Utilitas



Capability, Happiness and Adaptation in Sen and J. S. Mill


MOZAFFAR QIZILBASH a1
a1 University of East Anglia m.qizilbash@uea.ac.uk

Article author query
qizilbash m   [Google Scholar] 
 

Abstract

While there is much common ground between the writings of Amartya Sen and John Stuart Mill – particularly in their advocacy of freedom and gender equality – one is a critic, while the other is an advocate, of utilitarianism. In spite of this contrast, there are strong echoes of Sen's capability approach in Mill's writings. Inasmuch as Mill sees the capability to be happy as important he holds a form of capability approach. He also thinks of happiness as constituted by the exercise of certain capabilities (including the higher faculties). Furthermore, Mill addresses the possibility that people can adapt to limited opportunity, which is central to Sen's critique of some ‘utility’-based views. By contrasting contentment and happiness Mill suggests one way in which a utilitarian might address cases of adaptation. His discussions of capabilities and of adaptation are consistent with his utilitarianism.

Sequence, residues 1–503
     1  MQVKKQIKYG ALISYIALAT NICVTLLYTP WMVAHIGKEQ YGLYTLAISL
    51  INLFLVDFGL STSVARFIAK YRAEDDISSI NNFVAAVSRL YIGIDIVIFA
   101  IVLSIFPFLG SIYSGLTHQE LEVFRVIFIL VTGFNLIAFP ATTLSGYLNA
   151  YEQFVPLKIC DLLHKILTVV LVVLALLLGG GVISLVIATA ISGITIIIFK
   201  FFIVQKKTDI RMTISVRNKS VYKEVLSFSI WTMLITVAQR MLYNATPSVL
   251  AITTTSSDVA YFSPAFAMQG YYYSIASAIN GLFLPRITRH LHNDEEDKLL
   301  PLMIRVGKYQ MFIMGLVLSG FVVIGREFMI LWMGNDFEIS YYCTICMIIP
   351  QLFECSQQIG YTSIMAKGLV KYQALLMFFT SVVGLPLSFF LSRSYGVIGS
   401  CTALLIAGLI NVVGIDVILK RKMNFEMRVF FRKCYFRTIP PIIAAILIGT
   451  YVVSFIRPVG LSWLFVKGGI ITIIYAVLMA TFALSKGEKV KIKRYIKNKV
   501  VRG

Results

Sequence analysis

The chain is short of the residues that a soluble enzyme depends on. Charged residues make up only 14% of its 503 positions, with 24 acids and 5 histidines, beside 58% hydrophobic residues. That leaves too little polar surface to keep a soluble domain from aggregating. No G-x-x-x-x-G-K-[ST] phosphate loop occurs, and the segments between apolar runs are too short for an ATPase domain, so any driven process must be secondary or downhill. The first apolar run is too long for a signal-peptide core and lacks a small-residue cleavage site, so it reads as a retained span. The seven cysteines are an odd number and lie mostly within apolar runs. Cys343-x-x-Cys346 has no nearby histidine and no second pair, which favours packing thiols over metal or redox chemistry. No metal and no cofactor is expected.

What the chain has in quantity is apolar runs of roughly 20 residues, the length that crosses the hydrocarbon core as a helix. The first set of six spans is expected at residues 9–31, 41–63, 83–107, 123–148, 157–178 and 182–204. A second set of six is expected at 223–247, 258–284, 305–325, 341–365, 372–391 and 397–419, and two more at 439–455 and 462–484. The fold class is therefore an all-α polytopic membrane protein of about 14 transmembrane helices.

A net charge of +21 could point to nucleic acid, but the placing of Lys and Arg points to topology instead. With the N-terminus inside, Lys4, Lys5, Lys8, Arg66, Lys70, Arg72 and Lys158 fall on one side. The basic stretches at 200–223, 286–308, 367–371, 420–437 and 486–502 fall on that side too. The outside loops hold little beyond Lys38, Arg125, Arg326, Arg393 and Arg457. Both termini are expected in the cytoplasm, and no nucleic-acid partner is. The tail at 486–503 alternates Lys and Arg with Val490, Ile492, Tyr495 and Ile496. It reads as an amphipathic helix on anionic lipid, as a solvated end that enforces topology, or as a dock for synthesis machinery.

(Published Online February 16 2006)